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There are several reasons for choosing to switch between ARM and Thumb state.
Changing to ARM state for speed or functionality reasons is mainly a concern on processors that support Thumb without the 32-bit Thumb instructions. On processors that support the 32-bit Thumb instructions, the Thumb instruction set provides almost the same functionality as the ARM instruction set, and similar performance in some cases.
When you write code for an ARM processor that supports Thumb instructions, you probably build most of your application to run in Thumb state. This gives the best code density. With 8-bit or 16-bit wide memory, it also gives the best performance. However, you might want parts of your application to run in ARM state for reasons such as:
Some parts of an application might be speed critical. These sections might be more efficient running in ARM state than in Thumb state.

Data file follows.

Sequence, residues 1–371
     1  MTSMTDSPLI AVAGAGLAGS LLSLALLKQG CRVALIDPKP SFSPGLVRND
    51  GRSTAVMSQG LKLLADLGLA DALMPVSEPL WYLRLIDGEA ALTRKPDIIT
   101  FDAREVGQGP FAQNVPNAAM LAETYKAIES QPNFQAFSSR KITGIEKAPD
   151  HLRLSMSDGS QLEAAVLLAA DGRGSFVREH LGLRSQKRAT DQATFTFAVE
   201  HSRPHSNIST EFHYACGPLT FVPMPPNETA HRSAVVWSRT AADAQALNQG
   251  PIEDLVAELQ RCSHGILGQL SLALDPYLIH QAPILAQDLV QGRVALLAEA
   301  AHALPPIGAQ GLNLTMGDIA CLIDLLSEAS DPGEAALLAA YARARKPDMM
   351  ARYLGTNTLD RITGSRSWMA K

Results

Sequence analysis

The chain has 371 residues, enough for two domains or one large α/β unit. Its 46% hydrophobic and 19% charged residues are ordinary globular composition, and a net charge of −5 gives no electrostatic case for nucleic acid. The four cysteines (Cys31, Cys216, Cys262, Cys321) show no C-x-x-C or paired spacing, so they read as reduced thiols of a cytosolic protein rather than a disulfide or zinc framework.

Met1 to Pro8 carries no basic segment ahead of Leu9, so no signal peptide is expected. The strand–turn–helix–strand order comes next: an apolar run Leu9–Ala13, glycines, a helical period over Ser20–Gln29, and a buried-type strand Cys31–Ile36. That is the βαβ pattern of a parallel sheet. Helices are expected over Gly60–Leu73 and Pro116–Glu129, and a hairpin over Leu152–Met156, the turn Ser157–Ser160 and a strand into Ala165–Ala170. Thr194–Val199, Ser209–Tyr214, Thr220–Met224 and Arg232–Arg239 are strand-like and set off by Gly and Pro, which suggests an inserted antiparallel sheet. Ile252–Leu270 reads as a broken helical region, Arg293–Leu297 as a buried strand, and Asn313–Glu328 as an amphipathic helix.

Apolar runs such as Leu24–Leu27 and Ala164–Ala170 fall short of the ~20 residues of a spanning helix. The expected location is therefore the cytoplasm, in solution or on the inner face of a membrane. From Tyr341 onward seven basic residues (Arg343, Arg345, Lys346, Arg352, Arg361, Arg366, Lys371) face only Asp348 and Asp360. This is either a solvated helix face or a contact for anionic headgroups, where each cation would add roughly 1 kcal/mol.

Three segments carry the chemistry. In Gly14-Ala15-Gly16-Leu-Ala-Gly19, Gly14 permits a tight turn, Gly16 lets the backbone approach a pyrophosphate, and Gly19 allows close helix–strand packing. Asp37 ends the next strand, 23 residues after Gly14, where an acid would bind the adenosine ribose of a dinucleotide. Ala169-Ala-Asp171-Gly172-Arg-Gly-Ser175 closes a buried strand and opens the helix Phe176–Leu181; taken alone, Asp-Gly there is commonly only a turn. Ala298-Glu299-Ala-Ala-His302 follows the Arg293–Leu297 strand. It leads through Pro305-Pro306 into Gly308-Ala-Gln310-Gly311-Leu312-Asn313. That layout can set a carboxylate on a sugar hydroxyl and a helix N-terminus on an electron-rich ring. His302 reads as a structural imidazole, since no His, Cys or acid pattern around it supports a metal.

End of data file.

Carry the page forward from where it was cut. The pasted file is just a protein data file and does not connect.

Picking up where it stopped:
Some systems include a small amount of fast 32-bit memory. ARM code can be run from this without the overhead of fetching each instruction from 8-bit or 16-bit memory.
Thumb instructions are less flexible than their equivalent ARM instructions. Some operations are not possible in Thumb state. A state change to ARM is required to carry out the following operations:
enable or disable interrupts, and to change mode.
accesses to coprocessors
execution of Digital Signal Processor (DSP) math instructions that can not be performed in C language.
The processor automatically enters ARM state when a processor exception occurs. This means that the first part of an exception handler must be coded with ARM instructions, even if it reenters Thumb state to carry out the main processing of the exception. At the end of such processing, the processor must be returned to ARM state to return from the handler to the main application.
An ARM processor that supports Thumb instructions always starts in ARM state. To run simple Thumb assembly language programs, add an ARM header that carries out a state change to Thumb state and then calls the main Thumb routine.